Coronavirus: Five things a Covid-19 symptom-tracking app tells us


A person holding a phone displaying the Covid-19 Symptom Study App

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The Covid-19 Symptom Study app is thought to be the largest study of its kind

The UK’s scientists have been trying to trace Covid-19’s path through the population ever since the coronavirus arrived on British shores.

In what is thought to be the largest study of its kind in the world, an app developed by King’s College London (KCL) and technology company Zoe, which tracks symptoms of the disease, has been downloaded more than three million times in the UK.

Not to be confused with the government’s contact-tracing app, the Covid-19 Symptom Study app allows users to report daily whether they feel healthy, and record any symptoms.

The scientists have been using the data to estimate how the virus may have travelled through the population. Here are some of the things the app has taught us so far:

1. Infections actually rose after lockdown

When Prime Minister Boris Johnson called the UK lockdown on Monday 23 March, there were “a lot of infected people who suddenly were stuck together, and they infected each other”, says KCL epidemiologist Prof Tim Spector.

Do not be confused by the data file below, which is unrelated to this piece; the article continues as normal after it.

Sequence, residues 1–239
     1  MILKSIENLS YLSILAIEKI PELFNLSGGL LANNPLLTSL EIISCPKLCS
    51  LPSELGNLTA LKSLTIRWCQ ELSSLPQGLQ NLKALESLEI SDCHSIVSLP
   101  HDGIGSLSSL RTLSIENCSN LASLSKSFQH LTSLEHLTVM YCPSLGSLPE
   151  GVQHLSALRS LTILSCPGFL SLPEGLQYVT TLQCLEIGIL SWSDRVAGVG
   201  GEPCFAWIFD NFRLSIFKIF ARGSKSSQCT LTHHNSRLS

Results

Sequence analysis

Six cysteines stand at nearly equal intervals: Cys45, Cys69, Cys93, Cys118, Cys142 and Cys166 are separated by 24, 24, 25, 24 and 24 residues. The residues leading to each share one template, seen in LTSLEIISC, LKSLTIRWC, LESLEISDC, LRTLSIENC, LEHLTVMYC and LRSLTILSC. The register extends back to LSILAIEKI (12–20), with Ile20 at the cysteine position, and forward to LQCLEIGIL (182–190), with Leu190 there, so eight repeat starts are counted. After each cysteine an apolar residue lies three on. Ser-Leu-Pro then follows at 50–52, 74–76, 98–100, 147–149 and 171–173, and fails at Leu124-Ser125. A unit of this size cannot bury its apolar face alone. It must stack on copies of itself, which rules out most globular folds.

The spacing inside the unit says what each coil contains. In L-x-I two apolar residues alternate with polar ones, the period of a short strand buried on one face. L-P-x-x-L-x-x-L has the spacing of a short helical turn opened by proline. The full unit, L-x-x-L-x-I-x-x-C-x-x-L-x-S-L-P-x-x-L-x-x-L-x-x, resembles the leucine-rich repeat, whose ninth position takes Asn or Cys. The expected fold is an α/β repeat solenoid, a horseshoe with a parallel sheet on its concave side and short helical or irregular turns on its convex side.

The peak of the epidemic came nine days later, the researchers believe, on 1 April. They estimate more than two million people aged 20-69 had Covid-19 symptoms in the UK at this point – or 50 in every 1,000 people. The researchers found their app recorded a peak in infections around two weeks before the peak in hospital admissions, which Prof Spector says shows it is an “early warning device” for future changes in levels of the disease.

After 1 April, the number of infections plummeted in all the regions, but from different levels. Now the rate of the fall in estimated infections is decreasing, says Prof Spector.

“It was halving every week and then it slowed down. That rate of slowing is interesting – there are still some residual infections going on.”

The number of cases in the general population is potentially being “driven” by problems in hospitals and care homes, he says.

2. Seven in every 1,000 people aged 20-69 currently have symptoms